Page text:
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In Defense of Israeli Drag Fans

Ambassador Shapiro attended the Gay Pride Parade on Friday, June 8, 2012.  In Gan Meir park, he met with several groups working for LGBT rights and answered questions from media about LGBT Human Rights.   Prior to the kick-off of the parade, the Ambassador took to the main stage.  Speaking to a crowd of thousands of marchers he emphasized the recent work of the U.S. government to raise awareness of LGBT rights around the world and acknowledged the achievements of the Israeli LGBT community to gain equal rights.  After the speech, he met Embassy personnel marching in the parade with diplomats from other missions in Tel Aviv and joined them along the parade route.
Tel Aviv Pride [Photo Credit: https://www.flickr.com/photos/usembassyta/7179990585]

Surprising to no one that knows me, I am a huge fan of the art of drag, specifically the RuPaul’s Drag Race franchise. The show, which began in 2009, is basically America’s Next Top Model but for drag queens. Since its premiere over a decade ago, it has amassed a huge global fanbase and has launched spin-offs in various countries including Thailand, the UK, Canada, France, Italy, and Spain.

Online rumor has it that a potential version of Drag Race is being filmed in Israel. While this is unconfirmed, it has already led multiple Drag Race fans to sound off against it on social media. A great deal of this online backlash to a show that’s not even confirmed yet came from Biblegirl, an American drag queen and founder of the online retailer Drag Queen Merch. While Biblegirl is reportedly Jewish, you won’t see her standing up against antisemitism in America anytime soon. Instead, she uses her platform of over 19,000 Twitter followers to threaten World of Wonder, the production company behind the Drag Race franchise, in case they even consider allowing Israeli queens to showcase their talent to the world.

Other fans have threatened to boycott Drag Race and cancel their subscriptions to WOW Presents Plus, the streaming app which hosts the various Drag Race spin-offs. They accused World of Wonder of participating in “pinkwashing,” the idea that Israel is only LGBTQ-friendly (and by extension, that LGBTQ+ Israelis only exist) to cover up for the abuses Israel has committed against the Palestinian population. I’ve written about this ridiculous accusation before, as well as the problem many in the LGBTQ+ community seem to have with Jews generally.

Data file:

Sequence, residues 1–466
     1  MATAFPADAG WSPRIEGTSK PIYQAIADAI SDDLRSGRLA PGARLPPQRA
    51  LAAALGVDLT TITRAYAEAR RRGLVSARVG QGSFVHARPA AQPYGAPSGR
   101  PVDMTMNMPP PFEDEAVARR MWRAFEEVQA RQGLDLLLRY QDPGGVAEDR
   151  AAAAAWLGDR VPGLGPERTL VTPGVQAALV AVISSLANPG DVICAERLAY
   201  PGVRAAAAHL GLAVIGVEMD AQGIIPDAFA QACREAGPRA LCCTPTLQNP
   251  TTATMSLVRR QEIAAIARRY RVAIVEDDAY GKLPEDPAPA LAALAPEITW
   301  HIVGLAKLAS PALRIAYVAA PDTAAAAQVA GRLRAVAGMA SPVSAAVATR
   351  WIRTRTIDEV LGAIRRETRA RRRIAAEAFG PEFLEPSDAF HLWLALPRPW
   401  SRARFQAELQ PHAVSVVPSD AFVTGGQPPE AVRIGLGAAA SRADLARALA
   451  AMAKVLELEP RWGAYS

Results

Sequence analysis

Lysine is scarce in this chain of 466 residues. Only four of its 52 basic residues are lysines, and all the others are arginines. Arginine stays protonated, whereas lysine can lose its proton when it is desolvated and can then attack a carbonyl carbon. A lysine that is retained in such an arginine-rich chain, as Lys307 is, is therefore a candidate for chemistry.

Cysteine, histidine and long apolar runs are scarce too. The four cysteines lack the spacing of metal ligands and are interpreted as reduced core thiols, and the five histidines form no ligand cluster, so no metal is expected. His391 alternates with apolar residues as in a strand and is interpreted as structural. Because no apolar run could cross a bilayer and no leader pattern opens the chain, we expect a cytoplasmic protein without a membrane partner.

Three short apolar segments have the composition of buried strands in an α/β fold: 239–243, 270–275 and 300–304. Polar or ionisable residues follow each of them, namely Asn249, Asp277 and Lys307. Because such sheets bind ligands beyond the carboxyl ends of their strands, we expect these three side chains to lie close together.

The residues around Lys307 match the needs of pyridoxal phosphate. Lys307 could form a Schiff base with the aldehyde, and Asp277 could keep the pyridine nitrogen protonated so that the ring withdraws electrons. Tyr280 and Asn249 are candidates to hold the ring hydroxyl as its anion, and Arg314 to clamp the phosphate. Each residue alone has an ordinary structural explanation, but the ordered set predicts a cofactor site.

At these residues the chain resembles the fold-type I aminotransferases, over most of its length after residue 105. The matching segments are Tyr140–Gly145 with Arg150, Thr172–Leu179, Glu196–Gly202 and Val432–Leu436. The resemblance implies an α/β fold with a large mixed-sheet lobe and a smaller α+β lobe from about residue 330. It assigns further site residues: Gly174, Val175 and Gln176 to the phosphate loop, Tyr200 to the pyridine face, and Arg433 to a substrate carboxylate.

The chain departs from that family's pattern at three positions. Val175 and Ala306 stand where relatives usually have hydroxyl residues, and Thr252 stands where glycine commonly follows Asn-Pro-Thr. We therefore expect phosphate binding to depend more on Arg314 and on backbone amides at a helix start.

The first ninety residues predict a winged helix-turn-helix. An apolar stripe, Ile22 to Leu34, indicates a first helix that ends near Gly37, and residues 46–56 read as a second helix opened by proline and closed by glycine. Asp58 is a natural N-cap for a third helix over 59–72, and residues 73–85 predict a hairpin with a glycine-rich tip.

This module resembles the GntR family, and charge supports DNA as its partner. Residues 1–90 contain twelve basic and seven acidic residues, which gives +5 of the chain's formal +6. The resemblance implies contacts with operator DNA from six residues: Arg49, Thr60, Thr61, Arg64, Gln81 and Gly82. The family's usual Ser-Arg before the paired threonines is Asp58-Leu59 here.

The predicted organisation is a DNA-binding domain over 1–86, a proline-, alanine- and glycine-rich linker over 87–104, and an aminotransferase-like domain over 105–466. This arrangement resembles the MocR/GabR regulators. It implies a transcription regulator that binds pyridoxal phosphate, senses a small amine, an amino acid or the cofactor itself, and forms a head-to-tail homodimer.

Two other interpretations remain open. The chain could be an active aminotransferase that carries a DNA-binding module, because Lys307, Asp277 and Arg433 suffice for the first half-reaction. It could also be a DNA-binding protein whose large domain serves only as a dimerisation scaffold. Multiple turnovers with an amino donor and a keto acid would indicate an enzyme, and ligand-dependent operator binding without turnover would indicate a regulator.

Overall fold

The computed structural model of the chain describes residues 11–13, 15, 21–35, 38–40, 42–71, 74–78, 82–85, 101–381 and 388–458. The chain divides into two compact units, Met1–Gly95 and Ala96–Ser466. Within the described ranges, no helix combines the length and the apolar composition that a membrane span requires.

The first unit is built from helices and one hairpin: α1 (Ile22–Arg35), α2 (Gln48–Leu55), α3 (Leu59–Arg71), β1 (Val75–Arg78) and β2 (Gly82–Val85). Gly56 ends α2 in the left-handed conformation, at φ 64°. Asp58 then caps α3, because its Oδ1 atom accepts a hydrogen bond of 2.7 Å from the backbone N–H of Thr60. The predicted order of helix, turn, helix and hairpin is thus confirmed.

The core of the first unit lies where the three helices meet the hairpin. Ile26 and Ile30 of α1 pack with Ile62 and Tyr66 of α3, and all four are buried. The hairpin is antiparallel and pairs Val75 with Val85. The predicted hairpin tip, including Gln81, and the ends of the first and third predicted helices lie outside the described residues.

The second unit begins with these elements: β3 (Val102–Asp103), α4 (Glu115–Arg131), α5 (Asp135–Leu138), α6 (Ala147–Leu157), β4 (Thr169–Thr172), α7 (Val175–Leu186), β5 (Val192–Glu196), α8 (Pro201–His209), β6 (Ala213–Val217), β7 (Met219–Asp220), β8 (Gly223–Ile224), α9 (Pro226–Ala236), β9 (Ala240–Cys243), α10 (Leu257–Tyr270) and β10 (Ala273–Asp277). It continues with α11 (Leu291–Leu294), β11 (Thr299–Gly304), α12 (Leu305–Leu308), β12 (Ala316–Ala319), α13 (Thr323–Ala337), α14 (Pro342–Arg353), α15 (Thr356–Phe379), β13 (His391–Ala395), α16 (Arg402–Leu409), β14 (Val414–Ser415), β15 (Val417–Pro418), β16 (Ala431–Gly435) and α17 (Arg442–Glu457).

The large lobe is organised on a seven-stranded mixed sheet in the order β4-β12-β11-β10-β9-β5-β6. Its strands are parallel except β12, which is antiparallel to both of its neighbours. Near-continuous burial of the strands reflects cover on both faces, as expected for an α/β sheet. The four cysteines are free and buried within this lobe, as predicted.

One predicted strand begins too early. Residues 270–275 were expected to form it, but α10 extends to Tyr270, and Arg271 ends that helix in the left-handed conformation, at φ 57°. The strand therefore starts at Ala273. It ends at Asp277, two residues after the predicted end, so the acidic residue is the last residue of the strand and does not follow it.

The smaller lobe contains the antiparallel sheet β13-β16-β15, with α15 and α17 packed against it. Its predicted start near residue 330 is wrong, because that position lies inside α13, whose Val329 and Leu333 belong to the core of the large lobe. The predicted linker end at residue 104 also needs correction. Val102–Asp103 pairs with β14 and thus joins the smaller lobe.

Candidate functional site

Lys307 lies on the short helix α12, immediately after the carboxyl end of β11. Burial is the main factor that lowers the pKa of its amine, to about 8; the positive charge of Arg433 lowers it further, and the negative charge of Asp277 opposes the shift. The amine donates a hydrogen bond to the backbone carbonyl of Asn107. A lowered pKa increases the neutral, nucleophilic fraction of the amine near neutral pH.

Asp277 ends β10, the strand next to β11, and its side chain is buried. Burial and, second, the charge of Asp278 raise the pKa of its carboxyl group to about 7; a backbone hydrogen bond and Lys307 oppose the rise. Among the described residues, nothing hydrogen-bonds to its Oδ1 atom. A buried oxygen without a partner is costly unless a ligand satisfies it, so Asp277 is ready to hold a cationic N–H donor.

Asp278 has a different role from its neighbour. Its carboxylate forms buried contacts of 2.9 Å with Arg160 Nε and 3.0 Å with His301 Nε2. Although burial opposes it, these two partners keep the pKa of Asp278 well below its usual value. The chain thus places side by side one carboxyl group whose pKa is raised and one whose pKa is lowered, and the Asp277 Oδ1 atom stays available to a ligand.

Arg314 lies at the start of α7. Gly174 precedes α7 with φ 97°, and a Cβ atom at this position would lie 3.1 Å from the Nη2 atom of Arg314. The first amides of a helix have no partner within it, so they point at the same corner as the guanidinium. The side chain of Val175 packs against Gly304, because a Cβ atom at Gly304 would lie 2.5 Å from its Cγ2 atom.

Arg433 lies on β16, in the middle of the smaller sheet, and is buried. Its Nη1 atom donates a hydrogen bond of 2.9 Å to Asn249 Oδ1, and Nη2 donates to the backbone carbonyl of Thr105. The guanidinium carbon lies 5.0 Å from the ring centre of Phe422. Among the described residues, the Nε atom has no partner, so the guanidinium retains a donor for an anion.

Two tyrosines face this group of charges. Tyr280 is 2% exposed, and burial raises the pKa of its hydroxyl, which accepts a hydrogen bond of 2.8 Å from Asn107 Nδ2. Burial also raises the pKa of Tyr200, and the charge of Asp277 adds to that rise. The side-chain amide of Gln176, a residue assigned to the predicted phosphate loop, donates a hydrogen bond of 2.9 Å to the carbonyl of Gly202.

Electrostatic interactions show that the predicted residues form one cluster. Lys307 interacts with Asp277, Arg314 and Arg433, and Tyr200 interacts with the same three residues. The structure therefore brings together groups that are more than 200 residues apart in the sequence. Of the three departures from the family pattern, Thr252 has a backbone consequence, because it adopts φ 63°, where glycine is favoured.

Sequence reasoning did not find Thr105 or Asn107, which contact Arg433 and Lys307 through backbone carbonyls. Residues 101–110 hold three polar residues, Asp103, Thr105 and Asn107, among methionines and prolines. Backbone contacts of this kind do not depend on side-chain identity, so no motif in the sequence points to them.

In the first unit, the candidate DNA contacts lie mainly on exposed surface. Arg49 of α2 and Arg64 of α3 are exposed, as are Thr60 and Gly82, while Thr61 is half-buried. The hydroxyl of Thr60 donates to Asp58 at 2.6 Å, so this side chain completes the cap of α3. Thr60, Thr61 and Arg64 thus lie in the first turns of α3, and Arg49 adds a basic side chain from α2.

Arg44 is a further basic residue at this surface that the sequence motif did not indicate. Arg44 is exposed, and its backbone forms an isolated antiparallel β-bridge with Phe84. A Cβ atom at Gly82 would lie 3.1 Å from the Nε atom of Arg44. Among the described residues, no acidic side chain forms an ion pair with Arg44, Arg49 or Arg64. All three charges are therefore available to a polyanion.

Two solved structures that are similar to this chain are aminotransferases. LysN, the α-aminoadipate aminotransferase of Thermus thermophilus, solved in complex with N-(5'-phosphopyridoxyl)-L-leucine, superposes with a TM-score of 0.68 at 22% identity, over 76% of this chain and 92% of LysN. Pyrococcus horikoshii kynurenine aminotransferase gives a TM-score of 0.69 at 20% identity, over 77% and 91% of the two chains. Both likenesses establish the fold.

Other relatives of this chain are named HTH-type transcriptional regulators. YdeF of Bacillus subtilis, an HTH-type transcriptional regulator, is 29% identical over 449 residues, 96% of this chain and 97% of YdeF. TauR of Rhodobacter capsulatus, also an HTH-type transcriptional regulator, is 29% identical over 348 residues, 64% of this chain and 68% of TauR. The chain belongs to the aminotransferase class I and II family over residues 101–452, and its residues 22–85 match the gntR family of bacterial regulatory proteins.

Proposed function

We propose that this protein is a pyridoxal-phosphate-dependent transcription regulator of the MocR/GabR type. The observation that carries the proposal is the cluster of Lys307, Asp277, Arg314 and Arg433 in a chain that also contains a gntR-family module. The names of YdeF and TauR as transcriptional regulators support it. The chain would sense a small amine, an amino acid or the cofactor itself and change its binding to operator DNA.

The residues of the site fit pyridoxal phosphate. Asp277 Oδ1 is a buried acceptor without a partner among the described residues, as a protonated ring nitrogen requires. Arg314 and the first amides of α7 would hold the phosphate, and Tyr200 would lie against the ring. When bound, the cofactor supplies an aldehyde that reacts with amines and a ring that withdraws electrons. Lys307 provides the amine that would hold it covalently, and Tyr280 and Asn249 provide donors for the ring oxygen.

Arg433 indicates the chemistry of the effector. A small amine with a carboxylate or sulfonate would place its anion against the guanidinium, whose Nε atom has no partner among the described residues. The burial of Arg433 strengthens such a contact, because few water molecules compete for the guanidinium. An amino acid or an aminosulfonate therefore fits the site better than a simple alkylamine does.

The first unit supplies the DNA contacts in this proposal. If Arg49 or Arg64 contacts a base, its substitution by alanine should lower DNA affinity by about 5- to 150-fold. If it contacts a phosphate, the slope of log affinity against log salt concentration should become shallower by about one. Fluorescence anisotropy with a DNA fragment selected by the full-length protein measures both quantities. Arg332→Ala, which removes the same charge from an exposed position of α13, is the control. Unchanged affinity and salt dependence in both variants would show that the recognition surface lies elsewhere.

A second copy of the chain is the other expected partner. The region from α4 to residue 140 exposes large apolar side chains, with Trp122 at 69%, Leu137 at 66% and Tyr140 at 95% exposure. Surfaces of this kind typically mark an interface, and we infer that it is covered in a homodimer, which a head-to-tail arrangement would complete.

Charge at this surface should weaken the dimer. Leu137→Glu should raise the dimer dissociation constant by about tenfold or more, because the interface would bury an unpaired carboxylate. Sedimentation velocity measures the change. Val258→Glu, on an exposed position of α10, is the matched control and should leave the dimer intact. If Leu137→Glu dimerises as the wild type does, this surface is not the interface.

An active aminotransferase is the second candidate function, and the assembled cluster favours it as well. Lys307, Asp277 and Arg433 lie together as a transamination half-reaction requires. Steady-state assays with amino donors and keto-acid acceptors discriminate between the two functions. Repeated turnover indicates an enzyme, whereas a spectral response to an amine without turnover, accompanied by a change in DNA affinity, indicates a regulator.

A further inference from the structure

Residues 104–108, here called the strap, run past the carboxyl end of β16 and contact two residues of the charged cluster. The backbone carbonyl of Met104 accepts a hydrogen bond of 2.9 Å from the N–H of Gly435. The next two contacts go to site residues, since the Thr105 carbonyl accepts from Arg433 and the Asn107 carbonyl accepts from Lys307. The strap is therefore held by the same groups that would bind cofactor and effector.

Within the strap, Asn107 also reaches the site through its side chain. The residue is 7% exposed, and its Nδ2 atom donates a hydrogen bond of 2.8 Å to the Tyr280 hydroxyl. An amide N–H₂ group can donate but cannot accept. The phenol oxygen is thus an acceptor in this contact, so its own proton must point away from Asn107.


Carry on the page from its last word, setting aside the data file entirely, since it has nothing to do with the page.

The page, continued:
Unfortunately, this is not the only time I have been disappointed with Drag Race fans and even some of the queens themselves due to their reactionary and ill-informed statements regarding the Israeli-Palestinian conflict. I was even blocked on Twitter by season 12 queen Kandy Muse for criticizing her tweets about the conflict, where she accused the only Jewish nation on earth of genocide. The irony? She performed in Tel Aviv just a few weeks prior to these statements. Needless to say, many Israeli fans felt slighted by her sudden change of heart once the check cleared.

Then there’s Tayce and A’Whora, two queens from the second season of Drag Race UK, who recently canceled their performances in Israel due to the conflict. And fellow “fans” of the show dragged me on Reddit for opposing these statements as well.

The idea that Israel and Israelis, uniquely, must be punished in boycotts that target individuals reeks of the xenophobia those on the Left are always rallying against. Why is it okay to deny queer Israelis – who are probably against the actions of their government, as many on the Israeli Left are – a chance to showcase their art just because of the country they happen to be born in? Some may argue it’s because Israel has a conscription military, making all Israelis fair targets for a boycott. If that’s the case, then why are there no boycotts of say, South Korea, where there is also a conscription military? Why is it specifically for the Jews? Why is it okay to punish Israeli drag queens and fans because of a war that started decades before they were even born?

The fact this visceral form of hatred is coming from the LGBTQ+ community and the Drag Race fanbase, both of which I am proud members of, is hurtful, to say the least. The idea that queer Jews, queer Israelis, and Jewish Drag Race fans aren’t welcome into the community of the good lest they denounce the existence of the only Jewish safe haven should sound alarms. But unfortunately, the world never hears them… or they just plain don’t care.

Ultimately, I hope World of Wonder does go through with an Israeli version of Drag Race. Let the Israeli queens shine bright despite the fact haters want to keep them down. Celebrate the only country in the Middle East with LGBTQ+ rights. Introduce the world to the beautiful diversity which exists in Israel. And remind people that cultural boycotts, which only work to harm individuals and not government entities, have no place in progressive spaces.

About the Author
Rafaella Gunz is a writer and social work student living in NYC. She is passionate about Jewish cultural identity, LGBTQ+ rights, and feminism. Her work has appeared in Bust Magazine, Hey Alma, Jewish Journal, Gay Star News, Deadstate, and more.
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